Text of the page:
Shahin, Hind
COVID-19 was labeled a Public Health Emergency of International Concern by WHO on the 30th of January 2020. Countries enacted measures to curb the spread of the virus, many of which resulted in limiting peoples’ mobility; mass transportation systems worldwide took the hardest hit. Thus, research emerged on the impact of COVID-19 on mass transit systems worldwide. This thesis analyzes COVID-19’s effect on Ankara’s mass transit through detailing the measures taken by the city and the effects those decisions had on its network. Similar to other research, the thesis analyses the objective effects the pandemic had on mass transit. It also focuses on the subjective effects of COVID-19 on the system - an under researched topic- through investigating residents’ risk and efficacy perceptions of mass transit during the pandemic. Applying Protection Motivation Theory, a prominent health risk behavioral model, literature review and an online survey were conducted to investigate the effects of COVID-19 on perceptions of mass transit in Ankara. Findings support the hypothesis that COVID-19 had an effect on mass transportation in Ankara in terms of objective metrics such as ridership levels, commute time, commute distance, waiting time, and number of transfers needed; peak hours was the only metric experiencing no change as a result of the pandemic. In terms of the subjective effects of COVID-19 on mass transit in Ankara, participants mostly reported close to neutral efficacy and risk perceptions. Finally, limitations include sample size and time period covered; Findings are true only if corroborated through further research.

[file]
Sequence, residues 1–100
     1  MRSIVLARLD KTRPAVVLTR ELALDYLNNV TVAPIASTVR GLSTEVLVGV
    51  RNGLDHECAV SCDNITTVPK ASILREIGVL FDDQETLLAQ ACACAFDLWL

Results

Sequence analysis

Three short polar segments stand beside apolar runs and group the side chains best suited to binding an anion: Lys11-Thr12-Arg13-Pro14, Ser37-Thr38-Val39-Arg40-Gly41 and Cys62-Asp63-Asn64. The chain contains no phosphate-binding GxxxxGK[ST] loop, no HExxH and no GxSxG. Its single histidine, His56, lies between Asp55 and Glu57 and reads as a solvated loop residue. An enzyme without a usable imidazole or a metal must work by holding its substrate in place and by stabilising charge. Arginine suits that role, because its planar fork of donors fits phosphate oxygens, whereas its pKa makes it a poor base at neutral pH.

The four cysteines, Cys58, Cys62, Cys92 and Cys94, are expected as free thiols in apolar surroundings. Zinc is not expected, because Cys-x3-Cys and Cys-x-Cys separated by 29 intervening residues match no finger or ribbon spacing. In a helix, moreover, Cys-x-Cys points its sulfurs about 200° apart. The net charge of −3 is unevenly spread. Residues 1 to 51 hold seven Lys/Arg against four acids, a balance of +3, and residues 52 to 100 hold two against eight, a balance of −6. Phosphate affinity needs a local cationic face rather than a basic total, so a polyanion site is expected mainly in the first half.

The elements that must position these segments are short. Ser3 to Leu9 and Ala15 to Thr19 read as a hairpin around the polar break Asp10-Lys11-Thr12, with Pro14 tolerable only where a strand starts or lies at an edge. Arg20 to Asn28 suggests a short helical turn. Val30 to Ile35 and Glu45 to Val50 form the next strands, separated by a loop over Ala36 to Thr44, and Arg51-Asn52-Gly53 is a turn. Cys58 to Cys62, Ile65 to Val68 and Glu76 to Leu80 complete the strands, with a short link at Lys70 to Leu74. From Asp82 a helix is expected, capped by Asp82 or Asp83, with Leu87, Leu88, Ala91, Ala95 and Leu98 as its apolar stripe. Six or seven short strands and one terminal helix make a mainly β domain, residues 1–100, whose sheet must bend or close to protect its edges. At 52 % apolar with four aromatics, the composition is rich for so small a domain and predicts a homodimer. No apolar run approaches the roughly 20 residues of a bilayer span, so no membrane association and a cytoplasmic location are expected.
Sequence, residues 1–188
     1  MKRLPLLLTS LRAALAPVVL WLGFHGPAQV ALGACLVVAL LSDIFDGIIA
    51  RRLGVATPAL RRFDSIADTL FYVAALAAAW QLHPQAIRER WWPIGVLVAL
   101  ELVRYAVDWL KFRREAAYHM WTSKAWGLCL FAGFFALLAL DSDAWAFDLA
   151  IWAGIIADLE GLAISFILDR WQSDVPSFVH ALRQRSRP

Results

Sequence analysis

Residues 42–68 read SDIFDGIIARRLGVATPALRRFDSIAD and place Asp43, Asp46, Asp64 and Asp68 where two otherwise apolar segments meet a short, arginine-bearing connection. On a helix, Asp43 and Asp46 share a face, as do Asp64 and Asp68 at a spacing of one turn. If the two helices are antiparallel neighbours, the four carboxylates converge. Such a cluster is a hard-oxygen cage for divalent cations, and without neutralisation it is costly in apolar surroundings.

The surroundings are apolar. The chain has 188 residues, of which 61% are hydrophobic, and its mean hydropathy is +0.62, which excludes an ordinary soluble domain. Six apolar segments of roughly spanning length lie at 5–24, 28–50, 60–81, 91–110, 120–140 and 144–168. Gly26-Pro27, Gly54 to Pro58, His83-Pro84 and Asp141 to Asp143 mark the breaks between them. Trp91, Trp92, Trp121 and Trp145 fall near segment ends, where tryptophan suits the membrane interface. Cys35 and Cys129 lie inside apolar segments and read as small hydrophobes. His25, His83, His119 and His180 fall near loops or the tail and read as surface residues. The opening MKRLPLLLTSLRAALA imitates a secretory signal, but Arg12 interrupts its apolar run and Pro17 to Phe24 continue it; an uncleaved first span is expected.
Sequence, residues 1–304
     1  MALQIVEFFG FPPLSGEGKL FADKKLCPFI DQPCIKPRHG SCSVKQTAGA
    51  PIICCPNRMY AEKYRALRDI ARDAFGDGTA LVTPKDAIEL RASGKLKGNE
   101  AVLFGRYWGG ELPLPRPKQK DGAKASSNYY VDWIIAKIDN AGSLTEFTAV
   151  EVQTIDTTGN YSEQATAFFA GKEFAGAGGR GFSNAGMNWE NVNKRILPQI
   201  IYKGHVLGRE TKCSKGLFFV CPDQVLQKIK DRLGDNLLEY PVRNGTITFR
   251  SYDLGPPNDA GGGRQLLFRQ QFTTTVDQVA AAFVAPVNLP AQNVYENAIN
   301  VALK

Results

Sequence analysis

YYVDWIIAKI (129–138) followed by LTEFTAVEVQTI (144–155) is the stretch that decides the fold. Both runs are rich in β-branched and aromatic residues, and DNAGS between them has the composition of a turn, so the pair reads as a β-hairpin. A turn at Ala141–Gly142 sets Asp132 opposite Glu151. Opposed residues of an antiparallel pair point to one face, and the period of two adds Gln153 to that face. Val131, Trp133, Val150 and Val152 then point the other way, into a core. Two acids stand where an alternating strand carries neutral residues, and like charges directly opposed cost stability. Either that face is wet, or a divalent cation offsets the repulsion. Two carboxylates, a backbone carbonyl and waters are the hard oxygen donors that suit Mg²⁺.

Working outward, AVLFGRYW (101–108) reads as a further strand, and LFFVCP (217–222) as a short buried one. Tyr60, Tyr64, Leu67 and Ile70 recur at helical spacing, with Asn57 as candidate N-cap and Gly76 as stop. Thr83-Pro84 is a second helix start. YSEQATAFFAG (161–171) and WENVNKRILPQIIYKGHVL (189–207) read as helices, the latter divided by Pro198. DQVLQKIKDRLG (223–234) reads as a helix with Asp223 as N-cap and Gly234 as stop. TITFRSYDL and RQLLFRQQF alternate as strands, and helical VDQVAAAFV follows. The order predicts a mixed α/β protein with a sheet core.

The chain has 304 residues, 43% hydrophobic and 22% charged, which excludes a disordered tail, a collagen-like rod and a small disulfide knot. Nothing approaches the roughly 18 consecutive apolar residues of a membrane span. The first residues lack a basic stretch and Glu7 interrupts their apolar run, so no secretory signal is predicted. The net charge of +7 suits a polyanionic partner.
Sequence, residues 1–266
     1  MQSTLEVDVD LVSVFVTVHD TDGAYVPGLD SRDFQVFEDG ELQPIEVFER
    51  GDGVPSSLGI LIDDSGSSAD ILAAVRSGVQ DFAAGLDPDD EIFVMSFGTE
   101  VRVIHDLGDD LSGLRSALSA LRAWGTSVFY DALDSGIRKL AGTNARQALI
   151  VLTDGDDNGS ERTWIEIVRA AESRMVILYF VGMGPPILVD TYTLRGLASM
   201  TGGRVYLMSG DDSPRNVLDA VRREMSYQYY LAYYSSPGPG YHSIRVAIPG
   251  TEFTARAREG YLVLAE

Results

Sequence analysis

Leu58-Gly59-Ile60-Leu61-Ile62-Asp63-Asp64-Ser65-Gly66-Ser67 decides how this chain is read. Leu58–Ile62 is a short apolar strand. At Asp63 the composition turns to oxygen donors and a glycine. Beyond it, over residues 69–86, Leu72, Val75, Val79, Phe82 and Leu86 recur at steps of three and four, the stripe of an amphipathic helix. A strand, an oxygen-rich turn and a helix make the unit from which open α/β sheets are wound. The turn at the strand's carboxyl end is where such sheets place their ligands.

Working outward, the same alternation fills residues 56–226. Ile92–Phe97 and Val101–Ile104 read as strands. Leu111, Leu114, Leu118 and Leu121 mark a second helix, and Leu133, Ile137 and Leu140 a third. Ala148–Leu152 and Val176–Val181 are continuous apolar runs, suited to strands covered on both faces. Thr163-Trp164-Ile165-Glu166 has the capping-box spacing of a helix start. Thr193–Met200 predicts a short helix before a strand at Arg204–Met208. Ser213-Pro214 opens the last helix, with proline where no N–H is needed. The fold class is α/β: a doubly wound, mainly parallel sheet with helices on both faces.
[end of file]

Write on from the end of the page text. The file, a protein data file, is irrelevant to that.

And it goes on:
Citation Formats
H. Shahin, “EVALUATION OF COVID-19 PANDEMIC MEASURES FOR MASS TRANSPORTATION IN ANKARA,” M.S. - Master of Science, Middle East Technical University, 2021.